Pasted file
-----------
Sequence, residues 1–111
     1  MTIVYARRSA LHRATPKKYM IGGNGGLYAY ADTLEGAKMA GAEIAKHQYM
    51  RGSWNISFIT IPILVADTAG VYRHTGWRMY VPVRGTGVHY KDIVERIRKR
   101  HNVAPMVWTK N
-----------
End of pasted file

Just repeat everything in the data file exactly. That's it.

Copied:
Sequence, residues 1–111
     1  MTIVYARRSA LHRATPKKYM IGGNGGLYAY ADTLEGAKMA GAEIAKHQYM
    51  RGSWNISFIT IPILVADTAG VYRHTGWRMY VPVRGTGVHY KDIVERIRKR
   101  HNVAPMVWTK N